Exception: Good Faith - Michael Waddington

What's more, that's the way business was usually conducted. The deputy clerk testified that she never asked police any questions and never actually made a probable cause determination. Then there's this gem:

Good Faith Exception Applies, Even Without Prob. …

The Supreme Court held that evidence derived from Reynolds’s blood need not be suppressed because, when the officer obtained her blood without a warrant, a United States Supreme Court decision had been interpreted by Tennessee courts as authorizing the police to obtain blood without a warrant from DUI suspects. This binding appellate precedent was overruled after the officer obtained Reynolds’s blood. Accordingly, the Supreme Court concluded that the good-faith exception applied and remanded this case for further proceedings, including Reynolds’s trial.

Nov 07, 2014 · You Call That Probable Cause

You Call That Probable Cause?

EEOC v. Union Independiente De La Autoridad De Acueductos, 279 F.3d 49, 56 (1st Cir. 2002) (evidence that Seventh-day Adventist employee had acted in ways inconsistent with the tenets of his religion, for example that he worked five days a week rather than the required six, had lied on an employment application, and took an oath before a notary upon becoming a public employee, can be relevant to the evaluation of sincerity but is not dispositive); Hansard v. Johns-Manville Prods. Corp., 1973 WL 129 (E.D. Tex. Feb. 16, 1973) (employee’s contention that he objected to Sunday work for religious reasons was undermined by his very recent history of Sunday work); see also Hussein v. Waldorf-Astoria, 134 F. Supp. 2d 591 (S.D.N.Y. 2001) (employer had a good faith basis to doubt sincerity of employee’s professed religious need to wear a beard because he had not worn a beard at any time in his fourteen years of employment, had never mentioned his religious beliefs to anyone at the hotel, and simply showed up for work one night and asked for an on-the-spot exception to the no‑beard policy), aff’d, 2002 WL 390437 (2d Cir. Mar. 13, 2002) (unpublished).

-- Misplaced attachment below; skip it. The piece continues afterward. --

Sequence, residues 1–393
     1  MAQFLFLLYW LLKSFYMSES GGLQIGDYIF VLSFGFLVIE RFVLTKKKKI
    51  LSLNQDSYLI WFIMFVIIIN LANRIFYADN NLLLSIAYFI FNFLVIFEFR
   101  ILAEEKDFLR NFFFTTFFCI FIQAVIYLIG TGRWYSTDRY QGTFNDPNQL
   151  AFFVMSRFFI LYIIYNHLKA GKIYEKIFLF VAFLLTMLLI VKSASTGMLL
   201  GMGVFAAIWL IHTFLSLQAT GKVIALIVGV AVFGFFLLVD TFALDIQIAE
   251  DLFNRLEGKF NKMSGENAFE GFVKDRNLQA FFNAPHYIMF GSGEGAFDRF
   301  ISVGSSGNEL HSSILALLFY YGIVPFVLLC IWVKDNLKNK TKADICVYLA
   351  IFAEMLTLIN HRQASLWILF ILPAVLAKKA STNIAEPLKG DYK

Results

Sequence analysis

First, here is a little background

When asked if she knew what probable cause is, she said, "no, I don't." She denied that it was part of her job responsibility to make a finding of probable cause. She simply gave the officer the oath, issued the warrants, and placed them into the computer system.

Implied Covenant of Good Faith ..

And that's true: Clerks were never informed that they had to make probable cause determinations independent of the police determinations. Essentially, they were rubber-stamping whatever police wanted, so long as the request was in the proper format.

Read Legal Commentary: How Far Does Police "Good Faith" Go

The kicker here is that the three misdemeanor arrest warrants probably shouldn't have been issued in the first place. A deputy clerk admitted that there was no probable cause determination made; the warrants merely recited the statutory language, with no facts supporting the probable cause admission.

All states recognize at-will employment

That's not cool; the U.S. Supreme Court has expressly rejected warrant-issuing magistrates as being "rubber stamp[s] for the police." But even so, the exclusionary rule is a deterrent, and its use is limited to situations in which it would have a deterrent effect. In this case, excluding the evidence would punish the police officers for a mistake the deputy clerk made.

However, some states place limitations on it

­As a result, the intermediate appellate court concluded that Reynolds’s constitutional rights had not been violated and evidence from her blood should not be excluded from trial. Recognizing that Reynolds could seek review of its decision in the Supreme Court, the Court of Criminal Appeals alternatively opined that, even if Reynolds’s constitutional rights were violated, the Tennessee Supreme Court should adopt and apply the good-faith exception to the exclusionary rule, which had already been adopted by the United States Supreme Court. Were the good-faith exception adopted and applied, the intermediate appellate court explained that evidence obtained from Reynolds’s blood need not be suppressed because her blood had been obtained in good-faith reliance on the implied consent law and a decision of the United States Supreme Court indicating that warrants were not required to obtain blood from DUI suspects.